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Building Internet Firewalls 2ND Editionby Elizabeth D Zwicky
Synopses & Reviews
In the five years since the first edition of this classic book was published, Internet use has exploded. The commercial world has rushed headlong into doing business on the Web, often without integrating sound security technologies and policies into their products and methods. The security risks--and the need to protect both business and personal data--have never been greater. We've updated Building Internet Firewalls to address these newer risks.What kinds of security threats does the Internet pose? Some, like password attacks and the exploiting of known security holes, have been around since the early days of networking. And others, like the distributed denial of service attacks that crippled Yahoo, E-Bay, and other major e-commerce sites in early 2000, are in current headlines.Firewalls, critical components of today's computer networks, effectively protect a system from most Internet security threats. They keep damage on one part of the network--such as eavesdropping, a worm program, or file damage--from spreading to the rest of the network. Without firewalls, network security problems can rage out of control, dragging more and more systems down.Like the bestselling and highly respected first edition, Building Internet Firewalls, 2nd Edition, is a practical and detailed step-by-step guide to designing and installing firewalls and configuring Internet services to work with a firewall. Much expanded to include Linux and Windows coverage, the second edition describes:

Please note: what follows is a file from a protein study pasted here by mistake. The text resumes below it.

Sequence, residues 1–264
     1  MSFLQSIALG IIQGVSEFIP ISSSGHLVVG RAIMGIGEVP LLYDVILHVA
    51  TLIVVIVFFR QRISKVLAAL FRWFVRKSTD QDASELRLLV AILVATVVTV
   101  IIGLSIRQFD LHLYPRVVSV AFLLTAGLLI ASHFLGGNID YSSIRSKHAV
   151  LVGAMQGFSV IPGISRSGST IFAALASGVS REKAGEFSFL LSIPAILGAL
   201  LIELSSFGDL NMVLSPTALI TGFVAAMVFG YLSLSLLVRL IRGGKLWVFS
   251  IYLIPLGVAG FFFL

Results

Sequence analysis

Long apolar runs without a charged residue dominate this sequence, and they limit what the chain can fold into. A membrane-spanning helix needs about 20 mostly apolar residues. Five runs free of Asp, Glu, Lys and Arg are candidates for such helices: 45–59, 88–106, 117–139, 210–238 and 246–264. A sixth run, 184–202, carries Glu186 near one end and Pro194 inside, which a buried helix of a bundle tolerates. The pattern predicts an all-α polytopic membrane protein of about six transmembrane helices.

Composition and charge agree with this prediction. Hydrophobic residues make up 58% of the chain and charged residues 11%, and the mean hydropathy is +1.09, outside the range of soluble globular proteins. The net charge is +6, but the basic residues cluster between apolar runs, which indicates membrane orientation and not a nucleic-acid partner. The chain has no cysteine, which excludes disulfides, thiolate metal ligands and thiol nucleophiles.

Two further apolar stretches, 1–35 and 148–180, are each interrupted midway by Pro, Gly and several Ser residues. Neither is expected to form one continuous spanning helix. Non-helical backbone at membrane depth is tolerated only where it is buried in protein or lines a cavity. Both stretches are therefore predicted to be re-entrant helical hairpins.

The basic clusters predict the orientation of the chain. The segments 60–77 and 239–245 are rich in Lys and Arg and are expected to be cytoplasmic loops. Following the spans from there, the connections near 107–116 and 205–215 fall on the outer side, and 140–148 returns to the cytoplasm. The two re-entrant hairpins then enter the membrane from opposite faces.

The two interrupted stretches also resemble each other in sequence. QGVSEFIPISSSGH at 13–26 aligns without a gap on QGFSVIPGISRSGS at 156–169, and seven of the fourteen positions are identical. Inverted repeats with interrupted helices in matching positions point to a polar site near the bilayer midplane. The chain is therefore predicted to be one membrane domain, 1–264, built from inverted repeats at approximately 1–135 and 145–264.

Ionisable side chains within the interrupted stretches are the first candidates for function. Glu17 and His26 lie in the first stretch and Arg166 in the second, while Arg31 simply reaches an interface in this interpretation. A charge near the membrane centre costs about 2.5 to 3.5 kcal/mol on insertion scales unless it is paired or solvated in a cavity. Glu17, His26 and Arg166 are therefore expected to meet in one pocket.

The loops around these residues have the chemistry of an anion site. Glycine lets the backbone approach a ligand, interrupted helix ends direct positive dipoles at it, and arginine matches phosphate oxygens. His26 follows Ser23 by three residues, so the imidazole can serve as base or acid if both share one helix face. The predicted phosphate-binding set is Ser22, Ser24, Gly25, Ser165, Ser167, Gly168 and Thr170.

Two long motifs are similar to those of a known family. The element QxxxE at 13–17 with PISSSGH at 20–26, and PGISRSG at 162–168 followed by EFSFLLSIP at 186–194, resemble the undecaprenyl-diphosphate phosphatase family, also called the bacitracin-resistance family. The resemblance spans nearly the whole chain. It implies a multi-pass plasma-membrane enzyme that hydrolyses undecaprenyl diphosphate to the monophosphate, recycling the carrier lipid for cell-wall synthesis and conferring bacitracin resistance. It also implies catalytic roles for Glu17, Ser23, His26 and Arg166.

Book News Annotation:
Explains how to design and install firewalls, and how to configure Internet services to work with a firewall. The second edition covers Linux and Windows NT, as well as Unix platforms, and a variety of new Internet services and protocols.
Annotation c. Book News, Inc., Portland, OR (booknews.com)
The first edition explains how to design and install firewalls, and how to configure Internet services to work with a firewall. This second edition covers Linux and Windows NT, as well as Unix platforms, and a variety of new Internet services and protocols.
In the five years since the first edition of this classic book was published, Internet use has exploded. The commercial world has rushed headlong into doing business on the Web, often without integrating sound security technologi
The book's complete list of resources includes the location of many publicly available firewall construction tools.
About the Author